After residing in Anchorage for three years now, I've observed a few subsets of backcountry skiers. The largest group gravitates South to Turnagain Pass for all the huge line powder goodness that zone provides. When the weather is clear and the snow fresh it is unrivalled. A slightly smaller group will head North to Hatcher Pass where slightly smaller scaled and often rockier chute skiing can be found. These two groups often blend as weather systems in South Central AK tend to favor one area or the other.
Not long after I moved to Alaska, I became disheartened at how bad the weather could be. My first few weeks were actually glorious with perfectly clear spring weather following one of the best winters on record. I skied a lot of cool lines those first days, especially for a guy who just blew into town. But the summer dulldrums soon followed and I became overwhelmed at times by the incessant rain. A few wind events followed and I wondered what the hell I was doing here. I think I even cried a few times.
Winter continues to be a non-starter for 2015 in Alaska. Ice climbing and obsessing over the condition of my ski quiver has done little to placate my need for fresh snow and fun skiing. Of all the places south of AK, the Tetons have faired the best in terms of snow pack. So, it was with this in mind I scheduled a two-week vacation and headed to my favorite ski range. I also decided to have a look in the central mountains of British Columbia and I scheduled the second week as a hut trip in the Selkirks.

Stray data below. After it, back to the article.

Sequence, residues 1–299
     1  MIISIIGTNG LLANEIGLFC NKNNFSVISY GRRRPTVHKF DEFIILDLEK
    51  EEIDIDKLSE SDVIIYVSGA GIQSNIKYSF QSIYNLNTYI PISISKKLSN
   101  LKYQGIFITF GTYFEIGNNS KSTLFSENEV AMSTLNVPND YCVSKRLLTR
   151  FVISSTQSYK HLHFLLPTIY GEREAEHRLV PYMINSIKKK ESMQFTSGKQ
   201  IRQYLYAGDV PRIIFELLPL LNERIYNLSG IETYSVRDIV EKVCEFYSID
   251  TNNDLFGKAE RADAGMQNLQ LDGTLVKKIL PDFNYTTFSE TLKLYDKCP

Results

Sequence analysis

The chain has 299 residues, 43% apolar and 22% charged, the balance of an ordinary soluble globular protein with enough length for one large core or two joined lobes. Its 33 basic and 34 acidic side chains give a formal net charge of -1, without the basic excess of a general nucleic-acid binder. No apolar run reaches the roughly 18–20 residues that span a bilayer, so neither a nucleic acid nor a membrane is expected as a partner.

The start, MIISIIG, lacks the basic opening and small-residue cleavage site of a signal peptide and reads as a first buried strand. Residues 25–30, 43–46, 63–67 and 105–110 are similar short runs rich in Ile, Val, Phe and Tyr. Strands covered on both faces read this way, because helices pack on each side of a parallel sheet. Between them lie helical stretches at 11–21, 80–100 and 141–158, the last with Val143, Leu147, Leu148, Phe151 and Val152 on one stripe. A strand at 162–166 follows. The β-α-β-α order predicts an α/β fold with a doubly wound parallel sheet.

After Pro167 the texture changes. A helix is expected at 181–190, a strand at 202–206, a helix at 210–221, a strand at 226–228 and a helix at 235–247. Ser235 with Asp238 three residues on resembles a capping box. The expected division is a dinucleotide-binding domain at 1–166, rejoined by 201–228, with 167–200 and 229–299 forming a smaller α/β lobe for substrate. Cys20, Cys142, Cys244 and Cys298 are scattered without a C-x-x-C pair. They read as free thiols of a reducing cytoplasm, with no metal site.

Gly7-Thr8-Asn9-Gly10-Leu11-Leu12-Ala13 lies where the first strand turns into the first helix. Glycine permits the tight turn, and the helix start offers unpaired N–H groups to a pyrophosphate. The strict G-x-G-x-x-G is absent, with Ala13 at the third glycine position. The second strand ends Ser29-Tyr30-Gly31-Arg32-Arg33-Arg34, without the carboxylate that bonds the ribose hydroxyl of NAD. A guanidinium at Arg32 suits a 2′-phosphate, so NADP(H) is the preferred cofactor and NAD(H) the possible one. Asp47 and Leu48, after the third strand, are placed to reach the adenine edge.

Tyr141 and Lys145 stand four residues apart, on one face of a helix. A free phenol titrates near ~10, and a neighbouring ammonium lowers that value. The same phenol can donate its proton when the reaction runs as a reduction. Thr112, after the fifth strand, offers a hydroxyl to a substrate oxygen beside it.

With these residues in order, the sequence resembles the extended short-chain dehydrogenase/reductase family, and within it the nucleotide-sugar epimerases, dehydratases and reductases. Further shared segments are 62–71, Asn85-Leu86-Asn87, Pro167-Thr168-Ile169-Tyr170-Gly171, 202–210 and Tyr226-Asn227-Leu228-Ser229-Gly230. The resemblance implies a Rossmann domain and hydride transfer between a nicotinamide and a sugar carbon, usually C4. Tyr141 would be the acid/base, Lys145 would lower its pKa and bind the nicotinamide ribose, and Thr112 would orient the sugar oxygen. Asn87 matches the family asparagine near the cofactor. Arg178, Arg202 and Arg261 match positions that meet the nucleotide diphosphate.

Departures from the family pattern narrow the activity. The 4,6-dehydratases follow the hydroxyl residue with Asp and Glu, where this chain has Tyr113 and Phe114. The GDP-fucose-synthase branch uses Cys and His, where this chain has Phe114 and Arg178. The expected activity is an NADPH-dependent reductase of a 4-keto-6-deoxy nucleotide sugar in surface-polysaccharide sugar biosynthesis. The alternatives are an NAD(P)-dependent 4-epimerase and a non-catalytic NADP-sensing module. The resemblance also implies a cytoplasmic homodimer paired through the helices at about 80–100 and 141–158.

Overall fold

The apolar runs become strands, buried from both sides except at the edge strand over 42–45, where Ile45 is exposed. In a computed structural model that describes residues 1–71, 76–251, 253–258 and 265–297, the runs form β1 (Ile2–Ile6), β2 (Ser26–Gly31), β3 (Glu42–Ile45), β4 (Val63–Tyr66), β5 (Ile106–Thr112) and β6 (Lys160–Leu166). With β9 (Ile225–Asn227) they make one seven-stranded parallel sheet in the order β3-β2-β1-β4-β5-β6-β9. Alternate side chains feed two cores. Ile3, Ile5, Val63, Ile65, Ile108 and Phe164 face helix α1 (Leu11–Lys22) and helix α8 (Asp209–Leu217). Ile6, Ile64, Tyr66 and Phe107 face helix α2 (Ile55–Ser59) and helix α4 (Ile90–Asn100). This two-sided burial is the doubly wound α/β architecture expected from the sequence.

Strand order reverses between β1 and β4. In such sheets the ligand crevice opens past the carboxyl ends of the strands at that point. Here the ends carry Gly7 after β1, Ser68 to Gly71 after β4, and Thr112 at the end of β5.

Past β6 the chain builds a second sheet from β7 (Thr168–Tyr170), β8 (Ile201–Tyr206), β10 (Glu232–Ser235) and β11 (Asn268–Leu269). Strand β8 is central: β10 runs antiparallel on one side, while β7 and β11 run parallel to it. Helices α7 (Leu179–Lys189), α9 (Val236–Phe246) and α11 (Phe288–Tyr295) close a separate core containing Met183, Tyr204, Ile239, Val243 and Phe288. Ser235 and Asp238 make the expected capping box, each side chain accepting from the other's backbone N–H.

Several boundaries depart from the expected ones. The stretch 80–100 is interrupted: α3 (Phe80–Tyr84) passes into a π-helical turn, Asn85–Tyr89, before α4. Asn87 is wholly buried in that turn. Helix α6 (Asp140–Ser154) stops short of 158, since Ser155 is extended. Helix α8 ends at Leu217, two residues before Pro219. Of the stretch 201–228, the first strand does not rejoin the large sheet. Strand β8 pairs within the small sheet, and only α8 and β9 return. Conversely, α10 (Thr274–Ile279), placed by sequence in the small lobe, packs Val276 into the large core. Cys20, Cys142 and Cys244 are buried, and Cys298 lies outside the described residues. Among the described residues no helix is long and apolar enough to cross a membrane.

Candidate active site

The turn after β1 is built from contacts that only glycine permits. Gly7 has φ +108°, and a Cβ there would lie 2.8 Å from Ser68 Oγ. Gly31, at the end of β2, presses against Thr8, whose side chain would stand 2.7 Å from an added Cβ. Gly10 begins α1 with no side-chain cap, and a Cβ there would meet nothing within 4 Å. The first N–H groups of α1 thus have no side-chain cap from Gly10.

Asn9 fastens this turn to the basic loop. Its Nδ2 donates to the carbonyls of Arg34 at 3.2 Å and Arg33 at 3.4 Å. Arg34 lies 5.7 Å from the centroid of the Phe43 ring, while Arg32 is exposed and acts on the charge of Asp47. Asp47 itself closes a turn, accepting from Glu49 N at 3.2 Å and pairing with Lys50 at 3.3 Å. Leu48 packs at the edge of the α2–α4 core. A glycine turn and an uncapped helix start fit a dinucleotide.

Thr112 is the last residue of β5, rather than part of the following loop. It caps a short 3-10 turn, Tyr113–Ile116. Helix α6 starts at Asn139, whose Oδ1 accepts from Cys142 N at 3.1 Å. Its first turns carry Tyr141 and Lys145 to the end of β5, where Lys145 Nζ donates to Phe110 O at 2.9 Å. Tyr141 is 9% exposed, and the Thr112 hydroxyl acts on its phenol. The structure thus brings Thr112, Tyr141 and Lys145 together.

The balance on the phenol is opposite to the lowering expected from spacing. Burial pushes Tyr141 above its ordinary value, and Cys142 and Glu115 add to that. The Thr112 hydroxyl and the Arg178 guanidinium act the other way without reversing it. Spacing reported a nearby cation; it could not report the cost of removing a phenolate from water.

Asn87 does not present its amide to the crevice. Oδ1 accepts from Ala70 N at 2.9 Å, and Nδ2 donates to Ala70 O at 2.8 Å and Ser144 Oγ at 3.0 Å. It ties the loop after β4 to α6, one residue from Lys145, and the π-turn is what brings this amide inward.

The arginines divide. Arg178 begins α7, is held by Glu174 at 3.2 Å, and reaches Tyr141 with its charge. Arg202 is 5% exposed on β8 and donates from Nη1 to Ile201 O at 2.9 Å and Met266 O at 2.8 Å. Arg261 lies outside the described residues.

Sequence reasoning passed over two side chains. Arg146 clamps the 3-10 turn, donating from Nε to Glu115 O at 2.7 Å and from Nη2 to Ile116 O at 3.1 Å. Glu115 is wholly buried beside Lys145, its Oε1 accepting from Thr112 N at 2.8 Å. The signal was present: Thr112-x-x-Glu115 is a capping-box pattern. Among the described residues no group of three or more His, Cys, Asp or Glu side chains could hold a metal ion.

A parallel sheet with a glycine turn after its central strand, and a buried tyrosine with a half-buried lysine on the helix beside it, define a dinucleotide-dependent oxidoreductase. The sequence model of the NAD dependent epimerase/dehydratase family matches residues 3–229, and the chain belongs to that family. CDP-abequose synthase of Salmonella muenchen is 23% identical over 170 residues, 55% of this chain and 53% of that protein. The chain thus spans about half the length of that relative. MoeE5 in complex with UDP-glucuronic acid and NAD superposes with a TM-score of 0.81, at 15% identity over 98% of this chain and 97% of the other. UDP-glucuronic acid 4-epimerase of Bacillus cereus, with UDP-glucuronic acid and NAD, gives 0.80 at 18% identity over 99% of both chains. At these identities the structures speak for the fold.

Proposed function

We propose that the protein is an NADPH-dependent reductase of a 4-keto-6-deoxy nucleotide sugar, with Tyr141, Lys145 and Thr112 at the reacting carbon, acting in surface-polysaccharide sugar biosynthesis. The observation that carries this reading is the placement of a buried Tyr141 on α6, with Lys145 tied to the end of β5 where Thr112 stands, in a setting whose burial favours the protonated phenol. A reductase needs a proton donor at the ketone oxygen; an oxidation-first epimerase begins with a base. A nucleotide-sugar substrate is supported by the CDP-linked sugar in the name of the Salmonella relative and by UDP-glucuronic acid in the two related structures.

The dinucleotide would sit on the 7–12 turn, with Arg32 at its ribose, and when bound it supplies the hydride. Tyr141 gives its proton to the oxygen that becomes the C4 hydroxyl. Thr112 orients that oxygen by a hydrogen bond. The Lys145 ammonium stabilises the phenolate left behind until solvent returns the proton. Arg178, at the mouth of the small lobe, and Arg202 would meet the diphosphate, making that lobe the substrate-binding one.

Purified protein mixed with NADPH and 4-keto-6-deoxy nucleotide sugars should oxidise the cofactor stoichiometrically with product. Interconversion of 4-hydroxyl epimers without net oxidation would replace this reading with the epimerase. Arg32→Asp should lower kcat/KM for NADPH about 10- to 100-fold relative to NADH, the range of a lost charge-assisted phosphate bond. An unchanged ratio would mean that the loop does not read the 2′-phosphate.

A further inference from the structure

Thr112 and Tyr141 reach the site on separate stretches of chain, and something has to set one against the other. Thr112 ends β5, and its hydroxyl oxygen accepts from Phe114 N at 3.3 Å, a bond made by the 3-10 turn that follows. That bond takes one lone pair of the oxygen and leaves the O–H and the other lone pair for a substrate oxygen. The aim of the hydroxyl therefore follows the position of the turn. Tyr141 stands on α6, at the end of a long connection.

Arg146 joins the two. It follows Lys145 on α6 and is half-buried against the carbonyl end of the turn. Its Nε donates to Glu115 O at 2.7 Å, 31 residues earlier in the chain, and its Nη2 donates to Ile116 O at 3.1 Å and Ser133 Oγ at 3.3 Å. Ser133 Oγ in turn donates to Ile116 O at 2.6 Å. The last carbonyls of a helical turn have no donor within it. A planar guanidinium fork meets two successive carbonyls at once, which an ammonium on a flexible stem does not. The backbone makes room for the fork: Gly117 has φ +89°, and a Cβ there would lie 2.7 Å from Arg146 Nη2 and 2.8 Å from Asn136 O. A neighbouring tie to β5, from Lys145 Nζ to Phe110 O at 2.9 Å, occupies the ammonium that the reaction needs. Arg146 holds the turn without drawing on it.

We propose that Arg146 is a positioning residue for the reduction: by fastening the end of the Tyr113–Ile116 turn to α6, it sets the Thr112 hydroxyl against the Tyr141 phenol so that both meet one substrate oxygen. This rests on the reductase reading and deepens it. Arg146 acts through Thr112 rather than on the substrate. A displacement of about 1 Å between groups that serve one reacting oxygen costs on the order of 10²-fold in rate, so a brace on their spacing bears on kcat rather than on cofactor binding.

Well, January 22nd came and the snow finally started falling in South Central AK. Truth be told, it's been snowing plenty above 2,500 feet but the more common haunts have been hurting. The telling indicator is that I'm ice climbing again. Fun but seems so much scarier and dangerous than skiing. Good for my head, though. But the arrival of the a real winter storm and cold temps, "grumpy Brian" was replaced with "hopeful/psyched Brian". That's a good thing for the people I work with. I was giddy all day.
Goddamn it's been a tough few months for the ski alpinism community. We've lost some of our best and my heroes keep falling. Today, Dave Rosenbarger died high above the Hellbroner on the Italian side of Mont Blanc near Chamonix.